@jammiedodger @juniperfish puts it perfectly!  The final card in the Tarot is considered ‘The World’ which has lead me to believe Gallifrey will return.  @phaseshift Has an excellent thread on this episode plus his call on the Hierophant Tarot.  His threads are always worth a full read.  @whisht “Now, the entry for the Hanged Man in the book I have is “A sacrifice must be made in order to gain something of great value”  Which makes you wonder what his reward must be?  ‘The World’ the ‘The Lovers’?

    @bluesqueakpip “I think that while Sarah Dollard probably didn’t inend the reading, a script suggesting that a female companion is more fragile (more breakable) than a male Doctor and therefore should not have tried to be Doctor-like has Unfortunate Implications written all over it.”   If it makes you feel better, I don’t see it, but that is because I don’t see this as a gender issue. Clara is fragile because she’s not a Time Lord.  There are very few companions that the Doctor watched die, and they all died in sacrifice.  Rory “died” saving the Doctor and Adric saving the world, and both were male.  Very few companions actually died, and even less in front of him.  The greatest displays of strength are sacrifice, unconditional love and forgiveness.  Clara in the end pointed out that it is the Doctor who was weak and needed healing.

    I loved your thread by the way, and completely agree that the death was beautiful, but suspicious.

    @mersey  I really see Capaldi as meant to be more unpredictable and to keep us in question if he is a good man.  He is not meant to be charismatic, but layered, tired and hard to reach.  I still feel he is preparing to become the Valeyard.  The next few episodes may push him into it.  @nerys “When he asked her what the point of being a Doctor was, if he couldn’t heal her, Clara replied, “Heal yourself.”    Yes, he is broken and the “shard of ice in his heart” is growing.

    @blenkinsopthebrave  Like your story concept.  @carrieanne “Part of me wonders is Clara even real?  Did the doctor dream all this?  Was he in a virtual reality by the time lords” “How far would this dream go back for him?” “We kinda assumed Clara was the one in a dream, what if it was the doctor, and now he’s waking up.”What if  this is all a dream?  @miapatrick “And yet the arc has been subtle, that is, I’m still not sure what it is…”  Still not sure if we are seeing an alternative reality.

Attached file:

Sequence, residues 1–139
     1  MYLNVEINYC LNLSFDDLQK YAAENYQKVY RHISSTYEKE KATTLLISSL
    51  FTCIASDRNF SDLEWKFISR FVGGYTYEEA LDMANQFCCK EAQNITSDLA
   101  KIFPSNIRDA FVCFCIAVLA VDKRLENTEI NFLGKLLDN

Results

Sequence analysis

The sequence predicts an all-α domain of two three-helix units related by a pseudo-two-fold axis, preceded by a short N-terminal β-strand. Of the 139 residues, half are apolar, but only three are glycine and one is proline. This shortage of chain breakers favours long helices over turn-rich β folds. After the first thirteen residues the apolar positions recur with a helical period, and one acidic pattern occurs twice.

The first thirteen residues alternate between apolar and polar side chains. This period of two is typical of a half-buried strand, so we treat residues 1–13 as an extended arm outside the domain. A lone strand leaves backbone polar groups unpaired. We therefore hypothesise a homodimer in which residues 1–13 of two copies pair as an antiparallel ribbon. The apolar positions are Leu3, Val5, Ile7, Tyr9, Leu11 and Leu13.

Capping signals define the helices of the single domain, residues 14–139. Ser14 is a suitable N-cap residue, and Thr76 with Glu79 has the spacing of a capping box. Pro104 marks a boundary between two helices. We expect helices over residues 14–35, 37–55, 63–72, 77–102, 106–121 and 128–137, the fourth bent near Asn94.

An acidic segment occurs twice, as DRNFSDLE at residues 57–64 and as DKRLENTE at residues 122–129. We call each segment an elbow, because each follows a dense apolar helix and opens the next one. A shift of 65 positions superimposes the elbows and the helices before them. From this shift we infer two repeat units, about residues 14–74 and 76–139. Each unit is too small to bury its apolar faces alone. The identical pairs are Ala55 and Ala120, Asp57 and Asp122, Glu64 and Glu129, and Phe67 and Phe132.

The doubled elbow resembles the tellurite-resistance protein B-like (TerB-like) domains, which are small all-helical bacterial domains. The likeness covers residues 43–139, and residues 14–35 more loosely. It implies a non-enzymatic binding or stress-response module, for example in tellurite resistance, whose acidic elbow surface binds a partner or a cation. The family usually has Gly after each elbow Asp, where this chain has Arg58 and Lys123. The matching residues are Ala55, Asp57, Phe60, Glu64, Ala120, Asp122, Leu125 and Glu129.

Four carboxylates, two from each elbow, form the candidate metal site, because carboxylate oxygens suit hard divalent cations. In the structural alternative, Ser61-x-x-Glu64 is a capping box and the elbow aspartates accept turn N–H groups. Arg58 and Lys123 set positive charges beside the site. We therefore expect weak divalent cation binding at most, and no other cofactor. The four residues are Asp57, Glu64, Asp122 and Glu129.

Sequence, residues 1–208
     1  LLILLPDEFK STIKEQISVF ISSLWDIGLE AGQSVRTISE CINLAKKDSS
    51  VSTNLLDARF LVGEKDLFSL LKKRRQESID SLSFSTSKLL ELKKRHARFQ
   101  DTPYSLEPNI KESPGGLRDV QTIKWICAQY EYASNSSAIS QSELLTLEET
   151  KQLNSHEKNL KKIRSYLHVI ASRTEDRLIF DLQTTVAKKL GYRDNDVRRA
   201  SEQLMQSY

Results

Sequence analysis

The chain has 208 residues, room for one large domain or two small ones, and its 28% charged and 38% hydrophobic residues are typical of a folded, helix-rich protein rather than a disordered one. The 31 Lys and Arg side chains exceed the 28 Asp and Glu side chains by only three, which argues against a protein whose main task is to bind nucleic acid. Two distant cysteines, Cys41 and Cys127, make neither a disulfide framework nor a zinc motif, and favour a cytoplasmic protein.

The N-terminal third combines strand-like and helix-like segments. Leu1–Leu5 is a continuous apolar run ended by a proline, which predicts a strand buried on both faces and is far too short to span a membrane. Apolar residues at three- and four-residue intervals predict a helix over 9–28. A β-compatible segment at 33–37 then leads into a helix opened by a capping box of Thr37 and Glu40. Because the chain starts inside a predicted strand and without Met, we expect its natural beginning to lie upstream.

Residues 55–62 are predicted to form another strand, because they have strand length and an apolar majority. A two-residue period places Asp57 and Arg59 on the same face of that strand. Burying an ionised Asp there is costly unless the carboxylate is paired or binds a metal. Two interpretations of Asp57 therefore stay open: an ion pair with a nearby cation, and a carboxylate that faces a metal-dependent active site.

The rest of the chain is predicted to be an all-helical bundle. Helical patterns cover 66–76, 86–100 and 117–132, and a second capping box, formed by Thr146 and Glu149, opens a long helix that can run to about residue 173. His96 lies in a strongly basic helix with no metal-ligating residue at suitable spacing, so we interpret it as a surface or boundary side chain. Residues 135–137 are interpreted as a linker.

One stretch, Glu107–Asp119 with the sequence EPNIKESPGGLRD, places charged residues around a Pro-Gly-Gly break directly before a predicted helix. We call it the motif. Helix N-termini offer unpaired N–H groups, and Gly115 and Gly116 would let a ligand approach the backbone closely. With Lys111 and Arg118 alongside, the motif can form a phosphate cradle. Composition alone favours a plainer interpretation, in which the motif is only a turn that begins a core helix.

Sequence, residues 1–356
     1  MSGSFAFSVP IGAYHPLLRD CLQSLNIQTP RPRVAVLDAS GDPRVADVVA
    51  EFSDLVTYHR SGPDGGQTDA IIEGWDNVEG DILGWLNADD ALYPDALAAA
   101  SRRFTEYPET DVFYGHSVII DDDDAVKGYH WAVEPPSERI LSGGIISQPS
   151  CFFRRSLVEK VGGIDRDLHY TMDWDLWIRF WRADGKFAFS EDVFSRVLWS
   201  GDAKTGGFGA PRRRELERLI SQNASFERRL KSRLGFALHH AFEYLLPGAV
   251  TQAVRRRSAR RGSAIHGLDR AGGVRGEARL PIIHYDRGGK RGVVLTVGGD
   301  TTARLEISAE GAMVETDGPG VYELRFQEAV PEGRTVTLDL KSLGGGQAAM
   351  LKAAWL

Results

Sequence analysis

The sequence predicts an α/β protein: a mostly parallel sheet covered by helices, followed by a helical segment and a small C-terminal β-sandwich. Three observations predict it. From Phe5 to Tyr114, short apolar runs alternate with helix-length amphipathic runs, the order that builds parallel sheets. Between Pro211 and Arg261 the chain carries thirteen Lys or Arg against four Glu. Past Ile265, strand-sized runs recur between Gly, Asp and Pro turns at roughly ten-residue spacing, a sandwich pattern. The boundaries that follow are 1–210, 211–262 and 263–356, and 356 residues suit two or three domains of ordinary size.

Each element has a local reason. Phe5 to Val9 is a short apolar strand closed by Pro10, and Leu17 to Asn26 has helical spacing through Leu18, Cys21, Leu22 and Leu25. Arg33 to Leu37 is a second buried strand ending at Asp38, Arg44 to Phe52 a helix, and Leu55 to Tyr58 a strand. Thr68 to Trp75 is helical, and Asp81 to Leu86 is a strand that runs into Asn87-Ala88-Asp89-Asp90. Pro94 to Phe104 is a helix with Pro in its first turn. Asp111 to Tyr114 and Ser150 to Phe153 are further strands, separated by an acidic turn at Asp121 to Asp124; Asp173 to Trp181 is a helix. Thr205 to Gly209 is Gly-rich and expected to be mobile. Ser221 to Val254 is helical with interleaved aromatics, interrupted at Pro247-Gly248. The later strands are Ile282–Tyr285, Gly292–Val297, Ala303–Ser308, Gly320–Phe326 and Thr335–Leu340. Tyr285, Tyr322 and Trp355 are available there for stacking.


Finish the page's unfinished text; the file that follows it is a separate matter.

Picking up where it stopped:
@devilishrobby The Shadow Proclamation could certainly have a hand somewhere.

    @mirime Creepy thought that Davors, The Time Lords AND Missy may be involved.  Yikes.

    @juniperfish “Different Docs for different folks” Yes, one of the best things about Doctor Who.  All the Doctors are fantastic, yet different people relate and like different doctors.  Like @timetot not into Matt Smith’s Doctor.  My family adores that Doctor universally, even though the rest we disagree on.

    @pedant “Oh, and someone needs to explain privity of contract to Ashildr”  LOL!  Loved your thread.

    Loved this episode.  Great posts everyone.  (:












    DrBen @drben

    @kharis — Very thorough!

    If (as it now appears), Ashildr is in league with the Time Lords (how else could the trap involve the TARDIS key?), it could very well be that it is the Time Lords who create and deploy the Nightmare Child.

    As for the question of why the Doctor didn’t offer to take the quantum shade, my interpretation of “The Rules” was that the obligation could only be given away once, not passed around like a hot potato.  Just a thought.

    Fascinated to see what happens in the next three episodes!

    Devilishrobby @devilishrobby